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Implementing Actors on the JVM

Whiley adopts the [[Actor model]] of concurrency, instead of the traditional [[Thread (computer science)|multi-threading]] approach used in e.g. Java.  The actor model is simple and easy to use, and is less likely to result in complex [[race condition|race conditions]] or [[deadlock|deadlocks]]. The Actor Model has been around for a while, but Erlang has recently brought it into the mainstream.  Roughly speaking, an actor corresponds to a Thread.  The key difference is that there is no shared state between actors.  This differs from e.g. Java, where two threads can hold a reference to the same object and, hence, there is a problem of contention. To communicate, actors send messages to each other containing whatever data is necessary.  [[Synchronization (computer science)|Synchronisation]] is implicit in the Actor Model, since an actor can only process one message at a time.  Thus, a message is queued until the actor is free and can process it.  Interesting questions arise regarding priority of messages (i.e. the order in which queued messages are processed), but that’s another story!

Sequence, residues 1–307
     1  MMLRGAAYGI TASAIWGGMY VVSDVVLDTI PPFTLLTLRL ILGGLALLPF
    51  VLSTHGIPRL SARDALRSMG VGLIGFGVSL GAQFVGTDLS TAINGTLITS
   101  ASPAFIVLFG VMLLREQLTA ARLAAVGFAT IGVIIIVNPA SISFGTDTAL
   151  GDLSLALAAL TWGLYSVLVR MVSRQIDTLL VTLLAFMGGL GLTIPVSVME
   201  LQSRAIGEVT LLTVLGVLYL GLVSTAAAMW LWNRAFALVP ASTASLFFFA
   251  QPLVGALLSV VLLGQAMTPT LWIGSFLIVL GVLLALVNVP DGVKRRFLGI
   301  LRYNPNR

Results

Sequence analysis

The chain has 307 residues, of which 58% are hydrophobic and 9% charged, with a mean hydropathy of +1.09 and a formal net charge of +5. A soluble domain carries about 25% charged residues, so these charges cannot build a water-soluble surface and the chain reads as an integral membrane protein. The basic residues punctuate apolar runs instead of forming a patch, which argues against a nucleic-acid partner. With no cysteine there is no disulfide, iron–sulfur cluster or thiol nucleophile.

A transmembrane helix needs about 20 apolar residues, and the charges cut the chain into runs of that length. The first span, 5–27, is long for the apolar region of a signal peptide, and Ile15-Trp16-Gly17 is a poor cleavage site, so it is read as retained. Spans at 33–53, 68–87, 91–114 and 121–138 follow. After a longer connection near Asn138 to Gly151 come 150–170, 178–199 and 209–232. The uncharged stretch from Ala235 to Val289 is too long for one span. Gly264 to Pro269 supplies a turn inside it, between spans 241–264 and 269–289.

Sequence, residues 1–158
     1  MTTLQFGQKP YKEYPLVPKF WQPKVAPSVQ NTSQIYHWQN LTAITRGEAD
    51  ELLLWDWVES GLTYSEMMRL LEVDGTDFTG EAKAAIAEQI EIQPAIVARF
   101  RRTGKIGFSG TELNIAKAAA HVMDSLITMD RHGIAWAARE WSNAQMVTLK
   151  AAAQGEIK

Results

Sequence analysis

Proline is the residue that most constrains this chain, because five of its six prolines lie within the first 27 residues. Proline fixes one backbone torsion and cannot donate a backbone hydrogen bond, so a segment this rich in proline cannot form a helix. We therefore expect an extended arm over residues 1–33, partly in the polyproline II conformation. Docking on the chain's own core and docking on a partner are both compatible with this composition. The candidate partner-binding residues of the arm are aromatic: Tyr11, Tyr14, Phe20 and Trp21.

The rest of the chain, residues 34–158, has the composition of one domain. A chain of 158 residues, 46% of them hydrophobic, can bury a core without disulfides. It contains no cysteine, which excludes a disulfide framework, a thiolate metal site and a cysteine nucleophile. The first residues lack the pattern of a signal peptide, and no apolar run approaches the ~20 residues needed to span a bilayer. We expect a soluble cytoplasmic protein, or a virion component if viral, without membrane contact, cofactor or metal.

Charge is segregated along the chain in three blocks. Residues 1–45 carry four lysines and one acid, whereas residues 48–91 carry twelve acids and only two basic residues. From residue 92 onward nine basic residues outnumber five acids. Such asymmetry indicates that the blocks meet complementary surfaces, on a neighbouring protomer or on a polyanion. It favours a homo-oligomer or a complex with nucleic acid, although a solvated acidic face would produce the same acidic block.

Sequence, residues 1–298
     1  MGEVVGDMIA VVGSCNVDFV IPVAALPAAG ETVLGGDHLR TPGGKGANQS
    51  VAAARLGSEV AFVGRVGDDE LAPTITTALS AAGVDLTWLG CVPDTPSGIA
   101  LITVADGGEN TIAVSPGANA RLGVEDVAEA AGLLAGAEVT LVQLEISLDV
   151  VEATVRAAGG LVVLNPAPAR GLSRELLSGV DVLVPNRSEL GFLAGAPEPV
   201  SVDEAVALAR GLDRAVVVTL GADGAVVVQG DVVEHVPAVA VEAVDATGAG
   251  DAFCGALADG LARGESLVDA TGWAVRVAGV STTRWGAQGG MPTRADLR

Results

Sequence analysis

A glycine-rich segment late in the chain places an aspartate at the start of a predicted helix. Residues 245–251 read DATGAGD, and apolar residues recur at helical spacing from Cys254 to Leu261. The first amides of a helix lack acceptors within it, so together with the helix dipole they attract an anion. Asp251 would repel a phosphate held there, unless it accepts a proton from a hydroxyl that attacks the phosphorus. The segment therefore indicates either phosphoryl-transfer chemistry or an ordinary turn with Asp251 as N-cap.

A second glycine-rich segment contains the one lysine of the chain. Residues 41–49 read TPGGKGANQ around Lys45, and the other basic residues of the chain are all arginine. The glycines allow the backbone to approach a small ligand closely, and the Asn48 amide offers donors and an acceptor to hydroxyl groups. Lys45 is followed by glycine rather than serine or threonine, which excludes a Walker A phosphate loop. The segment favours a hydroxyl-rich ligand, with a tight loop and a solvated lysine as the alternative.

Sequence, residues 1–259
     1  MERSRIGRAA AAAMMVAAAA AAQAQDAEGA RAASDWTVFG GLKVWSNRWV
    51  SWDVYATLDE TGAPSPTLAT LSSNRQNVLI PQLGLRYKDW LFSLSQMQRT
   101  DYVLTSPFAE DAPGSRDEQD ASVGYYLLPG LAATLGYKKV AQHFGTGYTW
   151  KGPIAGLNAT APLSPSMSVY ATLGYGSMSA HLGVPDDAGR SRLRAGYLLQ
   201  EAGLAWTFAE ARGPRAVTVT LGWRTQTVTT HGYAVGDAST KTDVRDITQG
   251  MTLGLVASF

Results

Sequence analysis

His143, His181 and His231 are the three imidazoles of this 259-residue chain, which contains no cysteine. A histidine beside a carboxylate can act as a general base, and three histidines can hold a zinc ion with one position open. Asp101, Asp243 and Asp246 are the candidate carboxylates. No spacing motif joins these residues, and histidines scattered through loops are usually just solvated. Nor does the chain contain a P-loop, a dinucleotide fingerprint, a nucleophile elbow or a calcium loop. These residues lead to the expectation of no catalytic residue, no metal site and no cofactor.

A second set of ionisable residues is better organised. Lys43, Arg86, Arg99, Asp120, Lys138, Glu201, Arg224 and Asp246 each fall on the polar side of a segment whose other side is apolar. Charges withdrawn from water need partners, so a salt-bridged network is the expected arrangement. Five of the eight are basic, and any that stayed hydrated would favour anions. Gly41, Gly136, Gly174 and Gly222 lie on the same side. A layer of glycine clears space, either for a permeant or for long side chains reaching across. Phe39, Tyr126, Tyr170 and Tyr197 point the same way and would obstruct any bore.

Background

Whiley runs on the JVM, and we must find a way to implement Actors efficiently.  It turns out there is quite a lot of information available on this, including the following papers:

  • Kilim: Isolation-typed actors for Java, Sriram Srinivasan and Alan Mycroft.  In Proceedings of ECOOP, pages 104–128, 2008. [PDF]
  • Actor frameworks for the JVM platform: a comparative analysis, Rajesh K. Karmani and Amin Shali and Gul Agha.  In Proceedings of PPPF, pages 11-20, 2009. [PDF]